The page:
ArtsAutosBooksBusinessEducationEntertainmentFamilyFashionFoodGamesGenderHealthHolidaysHomeHubPagesPersonal FinancePetsPoliticsReligionSportsTechnologyTravel

Shout Louder

Updated on May 28, 2010

This is told, in part, as it was related by a Jewish tour guide in Israel named Isak, on the way to the international airport in Tel Av-iv, Israel.

As we passed Mt. Carmel, Isak related this account that he says occurred on this mountain. The nation of Israel had begun to turn to pagan gods, specifically Ba'al. They had seen the hand of Yehovah, or Yahweh, (as is said in by the people in Israel today), but had not forgotten the Gods of Egypt. Elijah the prophet had come to them, insisting that they choose one or the other. He told them follow one, or the other, but do not try to follow both. The people were not able to decide, and Elijah propositioned them to challenge their God. Elijah would sacrifice to Yehovah, the God who they had once believed delivered them from Egypt, and the people would sacrifice to Ba'al. Upon their mutual agreement, the God who answered with fire, as would be the request with the offering of sacrifice, would prove to be the true God.

Early in the morning, the people rose to sacrifice to Ba'al and continued beseeching him until noon. When they were without result, Elijah teased them, and told them to 'shout louder' to see the power of their God, perhaps he was pooping, or sleeping. The people took the advice of Elijah and shouted louder, and cut themselves in the practice of bloodletting that they'd learned from surrounding nations. They were not successful. Elijah, however, was able to demonstrate the hand of God in the way he'd said he'd be able to.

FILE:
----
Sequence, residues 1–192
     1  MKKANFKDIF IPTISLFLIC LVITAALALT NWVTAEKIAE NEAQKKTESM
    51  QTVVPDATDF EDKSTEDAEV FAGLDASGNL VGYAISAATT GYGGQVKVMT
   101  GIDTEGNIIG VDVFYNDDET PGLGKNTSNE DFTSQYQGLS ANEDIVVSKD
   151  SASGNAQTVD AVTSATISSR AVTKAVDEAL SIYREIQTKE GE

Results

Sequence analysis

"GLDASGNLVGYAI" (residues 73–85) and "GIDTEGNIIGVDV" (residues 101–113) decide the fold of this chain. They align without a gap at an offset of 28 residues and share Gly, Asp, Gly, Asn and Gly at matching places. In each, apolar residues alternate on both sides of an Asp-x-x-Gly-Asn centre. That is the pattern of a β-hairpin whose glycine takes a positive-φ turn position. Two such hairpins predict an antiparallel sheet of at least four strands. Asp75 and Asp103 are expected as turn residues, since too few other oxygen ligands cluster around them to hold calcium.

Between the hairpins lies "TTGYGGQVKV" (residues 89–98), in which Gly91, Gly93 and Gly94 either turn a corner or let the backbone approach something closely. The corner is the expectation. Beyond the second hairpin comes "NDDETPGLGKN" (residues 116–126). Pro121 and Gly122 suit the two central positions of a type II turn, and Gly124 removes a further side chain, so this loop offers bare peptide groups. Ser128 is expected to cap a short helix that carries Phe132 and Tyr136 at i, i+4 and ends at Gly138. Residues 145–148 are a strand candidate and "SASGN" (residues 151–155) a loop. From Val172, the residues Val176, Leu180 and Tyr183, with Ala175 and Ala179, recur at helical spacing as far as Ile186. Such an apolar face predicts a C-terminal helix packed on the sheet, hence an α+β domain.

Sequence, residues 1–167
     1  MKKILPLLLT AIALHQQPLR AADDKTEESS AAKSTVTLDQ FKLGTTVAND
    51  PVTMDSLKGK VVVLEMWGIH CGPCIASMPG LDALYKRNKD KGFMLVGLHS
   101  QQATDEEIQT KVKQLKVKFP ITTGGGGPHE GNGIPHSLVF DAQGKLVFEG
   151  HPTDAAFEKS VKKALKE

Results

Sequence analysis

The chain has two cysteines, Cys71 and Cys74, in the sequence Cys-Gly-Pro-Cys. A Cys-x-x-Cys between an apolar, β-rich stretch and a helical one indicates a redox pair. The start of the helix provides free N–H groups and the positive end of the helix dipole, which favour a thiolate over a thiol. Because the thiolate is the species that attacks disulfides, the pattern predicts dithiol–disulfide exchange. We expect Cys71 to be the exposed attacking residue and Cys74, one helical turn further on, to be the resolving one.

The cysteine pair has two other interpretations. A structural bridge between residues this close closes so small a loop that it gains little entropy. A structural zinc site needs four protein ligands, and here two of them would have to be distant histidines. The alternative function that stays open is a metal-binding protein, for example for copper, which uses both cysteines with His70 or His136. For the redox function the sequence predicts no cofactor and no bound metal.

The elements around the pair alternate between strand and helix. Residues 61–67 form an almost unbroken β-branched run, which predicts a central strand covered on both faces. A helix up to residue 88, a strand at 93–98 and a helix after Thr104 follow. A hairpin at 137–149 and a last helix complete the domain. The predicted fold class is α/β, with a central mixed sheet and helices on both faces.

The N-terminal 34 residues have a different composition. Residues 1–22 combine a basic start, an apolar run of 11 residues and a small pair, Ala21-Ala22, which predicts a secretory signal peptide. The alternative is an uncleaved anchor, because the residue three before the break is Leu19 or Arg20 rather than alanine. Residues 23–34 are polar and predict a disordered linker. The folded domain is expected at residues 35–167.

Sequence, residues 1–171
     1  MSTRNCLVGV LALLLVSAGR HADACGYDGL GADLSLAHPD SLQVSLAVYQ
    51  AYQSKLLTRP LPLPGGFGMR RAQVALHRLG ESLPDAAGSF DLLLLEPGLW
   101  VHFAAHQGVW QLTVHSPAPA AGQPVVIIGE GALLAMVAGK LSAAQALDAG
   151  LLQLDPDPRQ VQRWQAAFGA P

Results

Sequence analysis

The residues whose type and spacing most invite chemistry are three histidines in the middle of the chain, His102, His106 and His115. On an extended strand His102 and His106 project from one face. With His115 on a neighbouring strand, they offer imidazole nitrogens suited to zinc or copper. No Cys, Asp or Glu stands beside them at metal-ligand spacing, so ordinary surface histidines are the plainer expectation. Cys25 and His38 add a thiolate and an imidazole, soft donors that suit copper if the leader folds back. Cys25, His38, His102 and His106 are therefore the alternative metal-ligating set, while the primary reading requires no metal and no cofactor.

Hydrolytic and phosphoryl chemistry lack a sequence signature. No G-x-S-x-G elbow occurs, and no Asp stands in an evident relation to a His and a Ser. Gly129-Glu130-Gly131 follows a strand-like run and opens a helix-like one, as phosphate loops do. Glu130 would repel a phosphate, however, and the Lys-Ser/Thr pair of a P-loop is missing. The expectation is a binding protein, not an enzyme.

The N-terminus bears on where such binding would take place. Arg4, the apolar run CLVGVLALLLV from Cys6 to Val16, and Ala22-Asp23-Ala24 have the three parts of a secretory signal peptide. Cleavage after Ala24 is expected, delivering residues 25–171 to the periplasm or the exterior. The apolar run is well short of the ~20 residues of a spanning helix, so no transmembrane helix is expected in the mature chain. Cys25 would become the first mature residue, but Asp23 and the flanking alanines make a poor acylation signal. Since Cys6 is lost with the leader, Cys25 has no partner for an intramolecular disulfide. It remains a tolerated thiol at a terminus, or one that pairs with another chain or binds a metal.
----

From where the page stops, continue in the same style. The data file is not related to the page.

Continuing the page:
I had heard this before, but when Isak was relating this to us about his own people, it made a different impact. The people of Israel had been deeply influenced by the magic of the gods of Egypt. In fact, it was an Egyptian God, Hath-or, that they were attempting to imitate with the infamous construction of the golden calf after crossing the Red Sea. The magic that they'd witnessed was comically limited. According to scripture, when the magic-practicing priests were summoned to 'handle' this little matter of the plagues from Moses (written MW SA in hieroglyphics in the archaeological findings of Egypt meaning 'son of water'), they were never able to repair the problem. They imitated some of the plagues on a smaller scale in some instances, but according to what is written, that was the result of their best effort--imitation. For all their issues with their God, YHWH, The Israelites were an intelligent, hardworking people. But it seems that a survey of the bible reveals that these things do not a person of faith make.

The actual account of Elijah's challenge to the people can be found in 1Kings 18:20-39.


    0 of 8192 characters used
    Post Comment

    • ahostagesituation profile image

      SJ 7 years ago

      Kristin, that was absolutely brilliant. Certainly could not have said it better. You are so very right.

    • ilmdamaily profile image

      ilmdamaily 7 years ago from A forgotten corner of a dying empire. OK, it's Australia :-)

      Wonderful story SJ!

      I think it's analogous to the prevailing attitude of arrogance brought on by advances in science and technology.

      Although we've achieved an unparalelled mastery of the physical universe around us, our efforts to create life are futile.

      That life - indeed consciousness - should arise as a result of random chances or coincidence, yet so persistently elude the concentrated efforts of the most brilliant minds of our species, speaks to me of the obviousness of a creative force larger than our own.

      For all our efforts and advancements, our crowning glory remains the ability to "copy" life or "discover" knowledge. We remain unable to create new knowledge or life, instead only refining the process of recreation or copying through cloning and artificial insemination.

      Our "magic" remains an imitation of the divine creative "magic", and we'd do well to remember that.